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I have downloaded a font for personal use only.

Can I use it for preparing my commercial coaching notes as if I were a teacher?

Those fonts make my notes attractive.
Should I buy a commercial license?

  • Hi. Welcome to GDSE. Personal use generally excludes commercial use. Also please don't ask for legal advice here, because it's off topic. Sorry about that. If you are unsure what you should do, ask a lawyer. – Billy Kerr Aug 24 at 0:54
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    Personal Use licenses never mean it's "okay" for commercial use. This is overwhelmingly clear by the terms "personal" and "commercial" in the licenses. Are you asking someone to redefine the terms so you don't have to adhere to them? – Scott Aug 24 at 2:33
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First, I am not a lawyer, so this is NOT legal advice, just a suggestion for what to look into.

It would depend on how the "Personal" and "Commercial" is defined. Sometimes, the difference is whether or not you are making a profit off what you are producing. Sometimes it's using it in ANY type of business or professional purpose is considered "Commercial". Making a logo would usually be considered commercial in either situation.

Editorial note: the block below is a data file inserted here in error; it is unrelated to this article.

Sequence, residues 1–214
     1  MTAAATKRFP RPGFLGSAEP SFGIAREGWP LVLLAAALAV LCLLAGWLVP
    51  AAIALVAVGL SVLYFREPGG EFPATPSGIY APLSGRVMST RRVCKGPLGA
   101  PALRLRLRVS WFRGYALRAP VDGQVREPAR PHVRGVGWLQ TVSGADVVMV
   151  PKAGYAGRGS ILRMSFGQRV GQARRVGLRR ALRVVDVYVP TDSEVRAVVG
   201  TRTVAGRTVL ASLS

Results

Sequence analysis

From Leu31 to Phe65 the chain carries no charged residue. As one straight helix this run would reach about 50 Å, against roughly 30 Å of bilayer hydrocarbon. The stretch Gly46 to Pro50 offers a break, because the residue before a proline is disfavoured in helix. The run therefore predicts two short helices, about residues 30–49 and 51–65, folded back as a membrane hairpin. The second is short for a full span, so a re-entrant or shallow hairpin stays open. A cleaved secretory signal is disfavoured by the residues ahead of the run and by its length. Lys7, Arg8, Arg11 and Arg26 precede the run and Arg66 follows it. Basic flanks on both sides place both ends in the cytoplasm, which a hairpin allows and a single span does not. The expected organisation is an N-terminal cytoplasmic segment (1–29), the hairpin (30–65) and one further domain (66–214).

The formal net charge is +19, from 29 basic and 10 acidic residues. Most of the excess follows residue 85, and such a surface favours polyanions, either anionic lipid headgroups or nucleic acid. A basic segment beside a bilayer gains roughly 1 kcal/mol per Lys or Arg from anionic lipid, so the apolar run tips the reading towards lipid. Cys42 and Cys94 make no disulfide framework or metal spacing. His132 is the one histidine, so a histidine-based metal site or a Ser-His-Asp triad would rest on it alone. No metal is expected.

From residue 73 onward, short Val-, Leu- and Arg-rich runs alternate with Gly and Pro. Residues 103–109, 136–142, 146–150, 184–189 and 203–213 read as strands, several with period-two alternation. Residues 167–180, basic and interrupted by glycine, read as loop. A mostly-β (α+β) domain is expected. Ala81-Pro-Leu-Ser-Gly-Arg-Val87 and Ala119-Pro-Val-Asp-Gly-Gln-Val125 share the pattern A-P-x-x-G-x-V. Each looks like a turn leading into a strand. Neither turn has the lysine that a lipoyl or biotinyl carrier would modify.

Either way, when in doubt, most fonts that have a "free" version are only around $20-$40 or so to purchase, it's not worth the legal headache to save a couple bucks.

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  • +1 for that last paragraph alone. – Vincent Aug 26 at 9:29
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There is often a hidden cost associated with 'free', your discovering one potential problem where its 'free' only to a certain extent. In this case your exceeding what you are allowed to do 'free'. To lift this restriction you now have the option to upgrade to a commercial version.

Should you buy it? We dont know, not enough info. You could just switch to a different font. But doing so might have other costs associated with it.

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  • Also worth noting that there are many websites offering free fonts that aren't legitimate and some that don't even publish the licences. If these sites were brick and mortar shops, they'd probably be shut down for false advertising "free" stuff that isnt' free at all. Legitimate sites like google fonts or fontlibrary.org are a much safer bet if you're looking for something truly free for commercial use, although you still need to check the licence for each font individually. – Billy Kerr Aug 24 at 11:42
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The designer's helping you win and retain clients with attractive media: be the good guy and give them something for the help they're giving your business. Fonts aren't that expensive relative to what expert coaching costs, and they last a lifetime.

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